Strong and Weak Arguments Tricks - Reasoning

Strong and Weak Arguments


Some competitive exams consist of questions based on identifying strong & weak arguments. In these questions, a proposal followed by two arguments is given. One has to examine the arguments in the framework of the given proposal so as to determine their strength. The statements given in these questions usually are of interrogative nature.

Let us discuss two important concepts, “Proposal” & “Argument”. 


Most of the questions are built on a “proposal”. A proposal here is nothing but a sequence of action to be taken up.

  • Should liquor be banned? 
  • Should wild-life be preserved? 


A proposal is followed by two arguments. An argument may be in favour of or against the proposal. One has to check the strength of the argument. This cannot be misconstrued as considering only favourable arguments. It is irrelevant whether an argument is favourable or adverse to a proposal. Both favourable & adverse arguments are considered provided both of them are strong enough in their own ways. 
The supporting argument normally bases its support on a positive result or a positive feature which would follow, on implementing the course of action proposed in the statement.
The opposing argument takes its support on the basis of a negative result or a negative feature that follows if the proposed course of action is implemented.

Strength of an argument

An argument is considered to be strong, if it provides a valid & directly related reason either in favour of or against the proposal made.
While considering the arguments, one has to adhere to the following norms:
  • The argument is to be considered true, unless it is opposing the generally accepted facts. In other words, the authenticity of the argument cannot be questioned as long as it is not against established facts. For Example- If one argument suggests that Mohamed Ali is stronger than Mike Tyson, we have to take it as true. 
  • Personal opinion about the proposal shall be ignored. Even if one has an opinion about the proposal, in the discussion it cannot be taken into consideration. In other words, the judgement should always be unbiased.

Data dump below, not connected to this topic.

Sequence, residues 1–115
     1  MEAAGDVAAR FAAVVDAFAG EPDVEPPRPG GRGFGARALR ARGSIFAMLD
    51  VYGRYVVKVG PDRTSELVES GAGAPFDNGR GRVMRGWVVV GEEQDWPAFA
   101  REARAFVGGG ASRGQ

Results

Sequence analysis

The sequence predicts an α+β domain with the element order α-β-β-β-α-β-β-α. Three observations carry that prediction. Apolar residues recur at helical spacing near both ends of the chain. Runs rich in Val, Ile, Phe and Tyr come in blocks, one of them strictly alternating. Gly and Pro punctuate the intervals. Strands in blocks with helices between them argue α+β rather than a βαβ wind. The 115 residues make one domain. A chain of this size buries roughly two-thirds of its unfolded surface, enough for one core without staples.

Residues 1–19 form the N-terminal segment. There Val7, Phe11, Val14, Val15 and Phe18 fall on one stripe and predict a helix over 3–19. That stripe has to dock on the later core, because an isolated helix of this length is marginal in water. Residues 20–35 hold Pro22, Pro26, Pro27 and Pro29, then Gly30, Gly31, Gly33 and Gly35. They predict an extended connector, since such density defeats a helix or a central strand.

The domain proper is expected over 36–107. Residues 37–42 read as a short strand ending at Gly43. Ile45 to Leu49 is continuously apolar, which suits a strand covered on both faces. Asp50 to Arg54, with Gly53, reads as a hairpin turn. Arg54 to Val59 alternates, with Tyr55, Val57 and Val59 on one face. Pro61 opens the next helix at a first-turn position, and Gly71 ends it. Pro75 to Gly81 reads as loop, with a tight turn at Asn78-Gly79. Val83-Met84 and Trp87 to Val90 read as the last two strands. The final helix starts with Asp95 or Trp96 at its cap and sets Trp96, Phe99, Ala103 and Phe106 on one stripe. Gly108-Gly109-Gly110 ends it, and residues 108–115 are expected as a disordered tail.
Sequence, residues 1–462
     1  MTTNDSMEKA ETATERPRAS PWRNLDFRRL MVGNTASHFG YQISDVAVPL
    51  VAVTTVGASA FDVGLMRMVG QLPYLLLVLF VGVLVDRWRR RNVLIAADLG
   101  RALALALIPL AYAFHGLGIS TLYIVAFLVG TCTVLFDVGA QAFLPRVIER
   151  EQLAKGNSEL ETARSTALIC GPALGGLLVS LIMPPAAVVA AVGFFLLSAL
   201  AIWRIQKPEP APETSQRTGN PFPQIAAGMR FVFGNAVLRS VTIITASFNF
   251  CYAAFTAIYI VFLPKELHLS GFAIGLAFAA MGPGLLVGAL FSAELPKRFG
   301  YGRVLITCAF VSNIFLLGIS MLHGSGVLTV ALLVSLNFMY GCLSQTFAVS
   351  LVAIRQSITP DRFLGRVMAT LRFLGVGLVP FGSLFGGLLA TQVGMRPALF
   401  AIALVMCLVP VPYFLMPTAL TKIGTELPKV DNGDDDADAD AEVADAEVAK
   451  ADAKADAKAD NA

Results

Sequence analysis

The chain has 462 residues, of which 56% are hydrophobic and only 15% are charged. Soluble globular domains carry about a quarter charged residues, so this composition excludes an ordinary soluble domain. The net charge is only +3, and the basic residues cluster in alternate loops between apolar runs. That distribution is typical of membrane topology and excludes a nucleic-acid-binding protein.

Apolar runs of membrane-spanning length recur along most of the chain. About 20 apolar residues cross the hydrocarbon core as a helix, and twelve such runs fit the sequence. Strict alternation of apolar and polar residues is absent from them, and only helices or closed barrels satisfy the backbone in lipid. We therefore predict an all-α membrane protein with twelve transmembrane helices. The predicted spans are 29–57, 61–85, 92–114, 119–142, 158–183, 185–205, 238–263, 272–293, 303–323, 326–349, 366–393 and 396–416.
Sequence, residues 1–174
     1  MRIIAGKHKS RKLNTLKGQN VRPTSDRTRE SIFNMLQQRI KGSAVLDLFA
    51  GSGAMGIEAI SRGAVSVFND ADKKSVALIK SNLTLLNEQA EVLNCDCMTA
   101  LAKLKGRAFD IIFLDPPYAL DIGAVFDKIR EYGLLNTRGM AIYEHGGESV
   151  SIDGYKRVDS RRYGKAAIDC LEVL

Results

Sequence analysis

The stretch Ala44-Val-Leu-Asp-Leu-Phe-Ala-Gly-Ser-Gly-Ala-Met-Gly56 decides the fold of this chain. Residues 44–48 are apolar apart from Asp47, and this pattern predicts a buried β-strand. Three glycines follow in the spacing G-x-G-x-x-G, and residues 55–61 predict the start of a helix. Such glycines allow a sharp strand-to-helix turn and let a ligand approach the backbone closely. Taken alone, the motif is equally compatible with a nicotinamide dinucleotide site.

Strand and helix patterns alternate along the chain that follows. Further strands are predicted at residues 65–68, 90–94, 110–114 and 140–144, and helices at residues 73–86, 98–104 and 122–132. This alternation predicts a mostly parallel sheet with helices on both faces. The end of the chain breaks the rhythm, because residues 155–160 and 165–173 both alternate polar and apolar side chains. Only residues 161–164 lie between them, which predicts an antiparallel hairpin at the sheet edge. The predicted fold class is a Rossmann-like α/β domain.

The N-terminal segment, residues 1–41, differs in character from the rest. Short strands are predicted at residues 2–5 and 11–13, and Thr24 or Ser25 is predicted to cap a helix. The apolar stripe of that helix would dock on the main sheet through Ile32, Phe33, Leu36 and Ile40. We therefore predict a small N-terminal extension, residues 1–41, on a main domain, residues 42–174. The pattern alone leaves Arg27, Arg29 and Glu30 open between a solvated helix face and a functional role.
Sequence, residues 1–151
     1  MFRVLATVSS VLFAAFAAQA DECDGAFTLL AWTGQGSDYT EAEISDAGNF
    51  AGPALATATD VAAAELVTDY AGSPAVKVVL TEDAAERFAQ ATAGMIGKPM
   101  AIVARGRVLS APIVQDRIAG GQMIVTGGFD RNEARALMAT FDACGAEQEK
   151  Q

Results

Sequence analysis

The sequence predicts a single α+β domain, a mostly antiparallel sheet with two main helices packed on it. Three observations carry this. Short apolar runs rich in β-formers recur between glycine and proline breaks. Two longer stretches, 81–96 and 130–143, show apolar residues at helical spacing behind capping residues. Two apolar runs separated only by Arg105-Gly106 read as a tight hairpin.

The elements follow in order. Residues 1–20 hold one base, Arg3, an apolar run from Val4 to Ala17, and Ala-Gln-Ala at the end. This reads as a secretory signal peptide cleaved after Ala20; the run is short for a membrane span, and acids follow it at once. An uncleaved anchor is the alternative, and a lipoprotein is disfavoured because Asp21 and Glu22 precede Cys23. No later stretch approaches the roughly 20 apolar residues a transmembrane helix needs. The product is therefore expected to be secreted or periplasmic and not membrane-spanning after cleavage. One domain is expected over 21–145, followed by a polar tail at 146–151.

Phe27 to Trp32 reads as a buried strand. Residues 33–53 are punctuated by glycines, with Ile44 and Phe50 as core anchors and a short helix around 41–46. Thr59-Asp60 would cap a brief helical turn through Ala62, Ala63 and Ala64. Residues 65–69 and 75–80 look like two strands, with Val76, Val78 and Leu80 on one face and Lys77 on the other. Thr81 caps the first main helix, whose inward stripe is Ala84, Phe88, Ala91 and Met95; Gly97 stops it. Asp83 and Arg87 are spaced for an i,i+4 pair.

• Sometimes one may come across a situation in which an argument [say “India should declare war against the whole world”] is absurd. But if it is strong enough in the given context it has to be taken as a strong argument. One cannot deny this argument terming this as absurd.
To determine the strength of an argument, one has to follow a methodical way which is explained below.


In this stage, the given arguments are read superficially certain arguments are so obvious that they can be eliminated in one glance. Read the argument & discard it if is:
  • Ambiguous
  • Disproportionate
  • Irrelevant
  • Comparative
  • Simplistic 


The argument should have clarified in the reason suggested in it. The argument should be contextual & express its support or opposition to the given statement in explicit terms.
Statement- Should India wage war against Pakistan?
Argument- No, both India & Pakistan are at fault.
Here, though the argument refers to the subject in the statement, it has no clarity. We cannot find out what the argument wants to say. Thus, the argument is ambiguous. 


The reasons given in the argument, in support or against the given statement, should be comparable to the magnitude of the situation given in the statement. It should be neither same as “trying to kill an elephant with a needle” nor “trying to kill a mosquito with a sword”.
Statement- Should every citizen be asked to use only pencil to write instead of pen?